Robert Altman and Paul Newman team up to give us some revisionist history about America’s greatest hero, Buffalo Bill. Mind you, I have no idea what Buffalo Bill ever did that was so dang great. I’m guessing that he killed some buffalo and Indians or something back in times when that sort of thing could pass for an occupation.
The legend of Buffalo Bill seems to have been created mostly by Ned Buntline (Burt Lancaster), an author of dime novels and when Bill and Buntline got crossways with each other (that’s how we say it on the prairie) Bill simply started writing his own dime novels, romanticizing all the things he did.
Altman uses Buffalo Bill’s story to illustrate America’s desire to invent its own past (since it has relatively little of it compared to places like Europe and Asia) as well as the fact that we have a desperate need to make our heroes into celebrities and force them to live a bigger-than-life persona that no one could possibly inhabit for any amount of time without being utterly destroyed as a person.
Altman’s premise is an enticing one: show us what Bill was like through the prism of the show business machine and what happens when he signs up his former foe, Chief Sitting Bull, for a season at his Wild West Show in an effort to boost returns at the box office.
Throw in the fact that the creator of the Buffalo Bill legend, Ned Buntline, has shown up and is hanging around just adds to the possibilities.
And for the first part of the movie, everything plays out as you would hope. Paul Newman, like Buffalo Bill, is a natural star with his rascally smile and piercing eyes and you can’t help but be held enthralled whenever he’s on screen doing something wacky.
The movie is at its best when it plays with movie-western stereotypes we’ve all been raised to expect. After Sitting Bull (through his right hand man, Halsey) gives Bill some spiritual mumbo jumbo about the leaves and stuff, Bill fires back something along the lines that it don’t matter much about the leaves so long as he knows which way the wind is blowing, then whispers to one of his men that he was just giving some of that “murky logic” back to Bull that he gave him.
Eventually though, the movie doesn’t generate much in the way of laughs or for the matter anything in the way of interest, at least until the closing moments.
The problem is that for the middle of the movie, Altman seemed to lose track of the point he was making and got swallowed up by the story and the impenetrable machinations of Sitting Bull. If Altman manages to demystify Bill and the whole idea of the frontier hero, then he doesn’t do much with Sitting Bull or the Indians.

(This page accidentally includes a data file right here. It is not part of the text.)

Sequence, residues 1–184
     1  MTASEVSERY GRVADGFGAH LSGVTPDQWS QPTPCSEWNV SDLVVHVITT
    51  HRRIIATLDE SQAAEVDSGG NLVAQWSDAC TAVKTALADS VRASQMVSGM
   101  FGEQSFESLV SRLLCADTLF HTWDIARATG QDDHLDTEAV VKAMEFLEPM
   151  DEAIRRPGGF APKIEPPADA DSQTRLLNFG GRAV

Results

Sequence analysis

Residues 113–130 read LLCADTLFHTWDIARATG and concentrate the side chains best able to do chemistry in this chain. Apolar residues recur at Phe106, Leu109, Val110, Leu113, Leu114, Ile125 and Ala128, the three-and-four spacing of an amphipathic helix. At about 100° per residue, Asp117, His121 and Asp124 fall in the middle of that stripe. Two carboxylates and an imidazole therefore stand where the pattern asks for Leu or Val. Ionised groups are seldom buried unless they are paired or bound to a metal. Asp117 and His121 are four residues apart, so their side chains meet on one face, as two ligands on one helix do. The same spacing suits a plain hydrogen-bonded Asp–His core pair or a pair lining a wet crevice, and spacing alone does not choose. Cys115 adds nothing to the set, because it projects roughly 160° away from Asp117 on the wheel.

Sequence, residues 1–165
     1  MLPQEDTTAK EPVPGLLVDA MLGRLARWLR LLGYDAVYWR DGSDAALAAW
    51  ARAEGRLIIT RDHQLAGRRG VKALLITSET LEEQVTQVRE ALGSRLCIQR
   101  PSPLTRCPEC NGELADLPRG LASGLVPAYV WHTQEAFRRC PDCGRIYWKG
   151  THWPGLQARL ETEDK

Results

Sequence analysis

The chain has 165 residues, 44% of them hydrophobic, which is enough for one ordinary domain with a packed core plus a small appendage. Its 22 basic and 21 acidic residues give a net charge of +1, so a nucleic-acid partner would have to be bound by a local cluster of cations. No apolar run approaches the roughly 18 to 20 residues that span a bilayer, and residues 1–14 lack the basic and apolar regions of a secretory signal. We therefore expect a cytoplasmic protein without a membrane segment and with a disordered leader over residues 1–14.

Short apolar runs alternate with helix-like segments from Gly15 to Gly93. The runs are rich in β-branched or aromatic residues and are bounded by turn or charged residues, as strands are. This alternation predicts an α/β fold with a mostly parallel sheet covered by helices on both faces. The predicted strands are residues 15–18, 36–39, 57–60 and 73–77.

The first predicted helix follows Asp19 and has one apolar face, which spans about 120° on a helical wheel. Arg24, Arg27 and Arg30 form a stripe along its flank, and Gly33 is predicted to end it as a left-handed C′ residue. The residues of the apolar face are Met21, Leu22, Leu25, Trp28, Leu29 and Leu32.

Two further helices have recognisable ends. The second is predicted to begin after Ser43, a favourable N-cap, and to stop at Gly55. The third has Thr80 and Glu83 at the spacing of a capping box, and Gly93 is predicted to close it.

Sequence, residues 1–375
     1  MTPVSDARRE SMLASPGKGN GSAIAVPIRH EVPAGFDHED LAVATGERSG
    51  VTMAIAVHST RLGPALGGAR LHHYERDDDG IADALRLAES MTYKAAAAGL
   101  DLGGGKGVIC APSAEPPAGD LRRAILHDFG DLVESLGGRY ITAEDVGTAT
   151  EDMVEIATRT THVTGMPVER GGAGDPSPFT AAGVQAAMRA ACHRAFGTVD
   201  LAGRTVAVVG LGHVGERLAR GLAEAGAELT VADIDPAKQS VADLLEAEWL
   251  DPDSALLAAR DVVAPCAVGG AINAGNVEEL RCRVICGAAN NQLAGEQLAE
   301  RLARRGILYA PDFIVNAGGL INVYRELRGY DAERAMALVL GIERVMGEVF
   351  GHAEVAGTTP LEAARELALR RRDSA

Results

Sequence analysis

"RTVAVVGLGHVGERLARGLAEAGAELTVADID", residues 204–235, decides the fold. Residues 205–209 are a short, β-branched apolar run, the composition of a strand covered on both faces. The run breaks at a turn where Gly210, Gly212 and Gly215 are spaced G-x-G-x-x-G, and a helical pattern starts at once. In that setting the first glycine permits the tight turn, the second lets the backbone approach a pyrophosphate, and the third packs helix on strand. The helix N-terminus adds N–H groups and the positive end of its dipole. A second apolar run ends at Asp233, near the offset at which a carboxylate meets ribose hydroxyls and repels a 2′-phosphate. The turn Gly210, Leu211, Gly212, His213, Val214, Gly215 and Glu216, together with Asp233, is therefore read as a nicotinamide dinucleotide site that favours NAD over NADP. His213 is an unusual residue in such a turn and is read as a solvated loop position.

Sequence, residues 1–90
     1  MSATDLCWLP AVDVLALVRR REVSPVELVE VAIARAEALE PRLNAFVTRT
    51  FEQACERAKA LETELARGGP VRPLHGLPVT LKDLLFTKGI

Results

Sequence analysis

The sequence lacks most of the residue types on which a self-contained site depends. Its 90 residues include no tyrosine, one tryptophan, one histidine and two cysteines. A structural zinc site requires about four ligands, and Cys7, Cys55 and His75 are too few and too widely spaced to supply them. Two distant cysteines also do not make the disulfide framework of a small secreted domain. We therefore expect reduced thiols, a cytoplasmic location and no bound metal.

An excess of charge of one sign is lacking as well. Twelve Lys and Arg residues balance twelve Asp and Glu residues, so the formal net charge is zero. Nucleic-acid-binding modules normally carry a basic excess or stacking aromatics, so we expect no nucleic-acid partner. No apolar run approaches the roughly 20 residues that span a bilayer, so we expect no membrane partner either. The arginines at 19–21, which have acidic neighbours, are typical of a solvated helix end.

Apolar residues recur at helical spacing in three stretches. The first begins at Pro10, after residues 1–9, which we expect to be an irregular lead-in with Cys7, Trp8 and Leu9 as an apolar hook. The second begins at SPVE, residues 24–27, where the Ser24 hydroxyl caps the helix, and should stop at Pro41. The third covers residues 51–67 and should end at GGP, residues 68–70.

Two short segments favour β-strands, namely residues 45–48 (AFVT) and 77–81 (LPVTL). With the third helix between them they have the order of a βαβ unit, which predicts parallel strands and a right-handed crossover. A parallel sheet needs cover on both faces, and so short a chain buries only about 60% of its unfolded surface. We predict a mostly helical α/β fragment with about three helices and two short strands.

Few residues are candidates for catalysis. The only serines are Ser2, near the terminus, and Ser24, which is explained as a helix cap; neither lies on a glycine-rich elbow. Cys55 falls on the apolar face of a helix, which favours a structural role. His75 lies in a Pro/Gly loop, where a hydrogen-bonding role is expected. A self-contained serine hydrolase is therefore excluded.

Sitting Bull proves to be a problematic performer making a bunch of demands and saying that he will do the show only because he had a dream that he would meet the Great Father (President Grover Cleveland) by signing up with the show. There are a few bumps along the way where Bull usually ends up outsmarting Bill and Bill manages to convince himself that it was in fact he that had outsmarted Sitting Bull all along.
Sitting Bull’s dream comes true and he finally gets to meet the president. He wants to ask Cleveland to do something for his people, but Cleveland won’t even listen to the request. Sitting Bull leaves and the next thing we know, he’s been killed at Standing Rock.
The only thing that comes from this is that it causes Buffalo Bill to have a drunken vision of Bull hanging out in his house with him! Bull sits there silently as Bill wanders around his house (more of a trailer – they are on tour after all) and bemoans the nature of celebrity.
You’re tempted to tell Bill that he got exactly what he deserved. You wanted to be famous, you were complicit in this process and tried to live the legend, knowing full well it was all a bunch of buffalo chips. Now that you’re trapped by your own fame, you’re crying because you’re suffocating beneath everyone’s expectations? Well, I’m not RSVP-ing your pity party pal!
Bill, though a showman, is still a human being, and he knows that all these people are living vicariously through him and the worst part of all is that the life they’re living vicariously through him never really existed at all.
When Buntline and Bill finally meet near the end of the film, they don’t say much and Bill says he’d love to have him back at the show, but some of the others don’t like him. They both know it’s really Bill who couldn’t stand to have him around. Who wants to have this guy remind you every single day that everything you’re doing, everything everyone is lauding you for, is completely false?
When Buntline leaves the saloon, he tells Bill “it was pleasure to invent you.” Confronted by the reality of his origins in his meeting with Buntline and the realities of the West in his dream with Sitting Bull, what does Buffalo Bill do?
The next thing we see is him at the show performing with Halsey playing the part of Sitting Bull (dressed up in big headdress and war paint) in a ridiculously fake fight where he ends up killing Sitting Bull raising his headdress triumphantly for the adoring throngs! American heroes may be tortured souls, but the show must go on, especially when that’s all that you know.
Never as funny as you would hope it would be (probably because you suspect there’s a lot of truth to things here) and rather aimless in the middle, the movie is worth looking for because of Newman and the fact that the themes of our country’s need to worship famous people and to constantly re-write the recent past to our liking are just as relevant today as they were when this movie was released (July 4, 1976 – take that America!) and when the movie takes place. Like the hero it portrays, the movie is a flawed, but interesting take on the beliefs of this country, both perceived and real.
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